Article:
A compliance program can never be effective if your employees don’t remember their training. This is why it’s wise to consult a third-party vendor when creating your compliance training curriculum. Their tried and tested methods can help you engage your team and make that training stick.
Effective Auditing and Reporting
A good training module demonstrates that your company can “talk the talk” regarding compliance. However, your program can’t be effective until you also “walk the walk.” Make sure there are measures in place to evaluate and update your training curriculum, and always have some sort of reporting method (like an anonymous ethics hotline) where employees can report misconduct.
Company-wide Compliance Culture
Another way to “walk the walk” is simply to demonstrate ethical behavior and promote a compliance-based culture. Once you have those auditing and reporting methods in place, you must make sure that your workforce knows about them! Take the time to listen to employees when they have something to say — and always investigate reports of non-compliance when they occur.
When you do hear of an incident in your workplace, it is absolutely vital that you act quickly. Take the appropriate steps to respond to the report. Then, make a thorough assessment of your compliance program and adjust it to prevent the incident from happening again. This is the best way to ensure that your compliance program is thorough, up-to-date, and tailored to your company.
How to Design & Implement an FSGO Compliance-Based Ethics Program
We’ll admit, reading over that list of criteria can be overwhelming. How are you supposed to fit all those requirements into your compliance program? For some, the answer is simply to call in the experts — also known as the third-party vendor.
Compliance companies can be incredibly useful for designing training programs, establishing hotlines, checking licenses (if necessary), and much more. With help from these professionals, a business can be confident that its compliance program is effective enough to satisfy the FSGO and also prevent non-compliance overall.
But if you decide to create your compliance program on your own, you can still come up with something that’s effective. Your company should create a compliance committee to work on the program together — and if your organization is large enough, you’ll probably need to hire a compliance officer. Then, you’re going to dedicate time, resources, and man-hours to this important project.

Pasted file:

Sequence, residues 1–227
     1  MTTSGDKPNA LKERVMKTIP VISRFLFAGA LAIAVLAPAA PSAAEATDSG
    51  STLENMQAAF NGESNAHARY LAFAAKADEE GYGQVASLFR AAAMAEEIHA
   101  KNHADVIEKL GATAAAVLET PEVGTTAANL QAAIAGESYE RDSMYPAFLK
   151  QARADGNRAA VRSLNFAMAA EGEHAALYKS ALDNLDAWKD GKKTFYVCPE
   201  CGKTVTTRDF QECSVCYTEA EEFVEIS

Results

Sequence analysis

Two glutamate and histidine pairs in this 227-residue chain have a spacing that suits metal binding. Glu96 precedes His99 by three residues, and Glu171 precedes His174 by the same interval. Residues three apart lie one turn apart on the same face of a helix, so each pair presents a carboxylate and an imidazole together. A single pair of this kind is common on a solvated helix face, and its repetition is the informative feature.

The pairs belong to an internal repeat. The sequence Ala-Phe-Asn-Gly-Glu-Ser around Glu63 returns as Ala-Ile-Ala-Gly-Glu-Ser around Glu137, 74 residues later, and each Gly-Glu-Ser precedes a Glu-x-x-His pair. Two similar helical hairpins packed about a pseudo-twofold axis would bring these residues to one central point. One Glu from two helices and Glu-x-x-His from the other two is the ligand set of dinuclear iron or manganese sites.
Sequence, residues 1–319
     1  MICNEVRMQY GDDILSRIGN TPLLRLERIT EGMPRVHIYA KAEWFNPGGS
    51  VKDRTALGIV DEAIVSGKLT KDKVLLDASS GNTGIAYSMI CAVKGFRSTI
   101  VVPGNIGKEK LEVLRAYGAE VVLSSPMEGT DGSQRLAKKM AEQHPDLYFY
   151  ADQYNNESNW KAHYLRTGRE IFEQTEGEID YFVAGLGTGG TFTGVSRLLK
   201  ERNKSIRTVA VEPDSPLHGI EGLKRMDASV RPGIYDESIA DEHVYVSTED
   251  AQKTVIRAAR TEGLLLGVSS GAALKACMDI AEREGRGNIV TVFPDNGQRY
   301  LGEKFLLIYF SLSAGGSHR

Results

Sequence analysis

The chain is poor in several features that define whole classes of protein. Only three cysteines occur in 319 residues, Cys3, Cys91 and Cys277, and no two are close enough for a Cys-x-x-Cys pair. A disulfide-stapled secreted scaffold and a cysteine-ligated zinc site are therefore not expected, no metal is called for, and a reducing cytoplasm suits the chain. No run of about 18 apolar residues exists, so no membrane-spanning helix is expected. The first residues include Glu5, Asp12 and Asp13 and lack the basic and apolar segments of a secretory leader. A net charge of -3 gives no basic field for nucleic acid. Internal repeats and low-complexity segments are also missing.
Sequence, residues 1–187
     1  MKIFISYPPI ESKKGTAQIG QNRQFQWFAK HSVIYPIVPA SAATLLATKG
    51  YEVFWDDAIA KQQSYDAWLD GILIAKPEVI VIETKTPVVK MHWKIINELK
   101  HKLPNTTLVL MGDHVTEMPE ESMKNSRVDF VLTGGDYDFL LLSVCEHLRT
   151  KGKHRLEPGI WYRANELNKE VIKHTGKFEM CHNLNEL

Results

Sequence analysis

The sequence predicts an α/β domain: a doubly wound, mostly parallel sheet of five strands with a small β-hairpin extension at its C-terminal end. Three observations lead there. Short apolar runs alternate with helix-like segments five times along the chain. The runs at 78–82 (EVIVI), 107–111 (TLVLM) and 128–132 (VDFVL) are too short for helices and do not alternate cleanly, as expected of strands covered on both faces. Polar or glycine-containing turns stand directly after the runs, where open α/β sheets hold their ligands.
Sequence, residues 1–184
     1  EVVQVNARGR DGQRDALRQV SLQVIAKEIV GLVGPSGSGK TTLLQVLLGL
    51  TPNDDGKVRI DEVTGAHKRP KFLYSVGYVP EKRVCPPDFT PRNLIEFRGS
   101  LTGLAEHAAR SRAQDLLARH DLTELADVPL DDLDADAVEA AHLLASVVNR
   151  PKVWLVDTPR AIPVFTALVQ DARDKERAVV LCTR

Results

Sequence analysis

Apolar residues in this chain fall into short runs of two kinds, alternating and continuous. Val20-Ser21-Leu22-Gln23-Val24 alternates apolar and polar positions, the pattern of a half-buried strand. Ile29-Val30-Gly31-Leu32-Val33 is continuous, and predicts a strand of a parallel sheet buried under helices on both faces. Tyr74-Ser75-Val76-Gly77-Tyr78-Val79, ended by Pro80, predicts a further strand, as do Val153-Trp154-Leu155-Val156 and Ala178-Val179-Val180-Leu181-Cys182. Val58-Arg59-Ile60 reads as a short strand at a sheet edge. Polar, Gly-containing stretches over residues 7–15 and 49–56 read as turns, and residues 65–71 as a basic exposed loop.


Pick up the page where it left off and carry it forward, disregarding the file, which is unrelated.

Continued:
Must-Haves in Your Compliance Program
As you design your compliance program, be sure to analyze each element, from the committee appointees to the signage you post in the office break room. Make sure that they all meet the FSGO standards and are helping deter or prevent non-compliance. Whether you work with an outside vendor or keel your compliance program in house, the finished product needs to have the following:
- High-level personnel who exercise oversight
- Clear written policies and procedures
- A training curriculum
- Multiple lines of communication
- Well-publicized disciplinary guidelines
- Internal compliance monitoring
- A team trained and appointed to respond quickly and appropriately to detected offenses
- Regular risk assessments and audits
If you can check each of these boxes, congratulations! Your company has an effective compliance program and is on its way to being an organization rooted in ethics.
How to Get Started
If you want to learn more about designing a compliance program — or if you’re looking for a team of professionals who can help you — contact ComplianceLine today. Our services and expert staff can help you create the perfect program for your organization.